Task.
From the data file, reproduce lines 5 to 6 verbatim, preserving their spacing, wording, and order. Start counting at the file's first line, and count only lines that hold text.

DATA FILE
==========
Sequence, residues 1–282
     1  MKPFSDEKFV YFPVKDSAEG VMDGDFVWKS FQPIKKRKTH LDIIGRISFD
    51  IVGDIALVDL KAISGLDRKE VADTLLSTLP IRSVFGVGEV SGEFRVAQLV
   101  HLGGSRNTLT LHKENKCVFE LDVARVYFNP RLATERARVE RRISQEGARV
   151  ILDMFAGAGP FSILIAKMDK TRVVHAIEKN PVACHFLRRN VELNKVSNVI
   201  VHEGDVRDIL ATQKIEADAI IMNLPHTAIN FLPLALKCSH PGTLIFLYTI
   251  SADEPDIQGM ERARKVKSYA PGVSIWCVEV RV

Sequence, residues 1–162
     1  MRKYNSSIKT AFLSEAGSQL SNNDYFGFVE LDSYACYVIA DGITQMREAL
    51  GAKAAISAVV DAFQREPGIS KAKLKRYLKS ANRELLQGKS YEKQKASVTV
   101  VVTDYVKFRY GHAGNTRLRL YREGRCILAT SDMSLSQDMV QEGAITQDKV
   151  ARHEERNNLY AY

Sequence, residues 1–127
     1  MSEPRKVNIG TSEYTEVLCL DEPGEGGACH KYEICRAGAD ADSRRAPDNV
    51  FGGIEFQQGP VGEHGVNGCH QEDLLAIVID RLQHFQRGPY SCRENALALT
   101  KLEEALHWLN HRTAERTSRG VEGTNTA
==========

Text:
   151  ILDMFAGAGP FSILIAKMDK TRVVHAIEKN PVACHFLRRN VELNKVSNVI
   201  VHEGDVRDIL ATQKIEADAI IMNLPHTAIN FLPLALKCSH PGTLIFLYTI